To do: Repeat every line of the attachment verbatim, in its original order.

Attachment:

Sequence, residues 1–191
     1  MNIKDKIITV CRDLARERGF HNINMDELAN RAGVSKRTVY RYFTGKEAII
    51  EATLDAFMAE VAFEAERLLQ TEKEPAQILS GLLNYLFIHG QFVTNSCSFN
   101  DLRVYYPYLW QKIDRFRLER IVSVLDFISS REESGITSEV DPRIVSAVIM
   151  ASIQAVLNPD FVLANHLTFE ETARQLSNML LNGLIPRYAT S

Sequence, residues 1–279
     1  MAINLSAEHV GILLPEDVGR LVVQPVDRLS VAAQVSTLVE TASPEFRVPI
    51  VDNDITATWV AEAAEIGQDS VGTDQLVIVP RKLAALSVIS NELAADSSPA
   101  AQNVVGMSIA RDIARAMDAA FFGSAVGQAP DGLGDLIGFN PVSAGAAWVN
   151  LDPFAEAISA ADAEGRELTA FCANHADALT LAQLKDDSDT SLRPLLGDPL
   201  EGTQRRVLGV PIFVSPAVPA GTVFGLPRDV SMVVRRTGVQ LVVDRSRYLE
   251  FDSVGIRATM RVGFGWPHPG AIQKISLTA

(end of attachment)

Sequence, residues 1–191
     1  MNIKDKIITV CRDLARERGF HNINMDELAN RAGVSKRTVY RYFTGKEAII
    51  EATLDAFMAE VAFEAERLLQ TEKEPAQILS GLLNYLFIHG QFVTNSCSFN
   101  DLRVYYPYLW QKIDRFRLER IVSVLDFISS REESGITSEV DPRIVSAVIM
   151  ASIQAVLNPD FVLANHLTFE ETARQLSNML LNGLIPRYAT S

Sequence, residues 1–279
     1  MAINLSAEHV GILLPEDVGR LVVQPVDRLS VAAQVSTLVE TASPEFRVPI
    51  VDNDITATWV AEAAEIGQDS VGTDQLVIVP RKLAALSVIS NELAADSSPA
   101  AQNVVGMSIA RDIARAMDAA FFGSAVGQAP DGLGDLIGFN PVSAGAAWVN
   151  LDPFAEAISA ADAEGRELTA FCANHADALT LAQLKDDSDT SLRPLLGDPL
   201  EGTQRRVLGV PIFVSPAVPA GTVFGLPRDV SMVVRRTGVQ LVVDRSRYLE
   251  FDSVGIRATM RVGFGWPHPG AIQKISLTA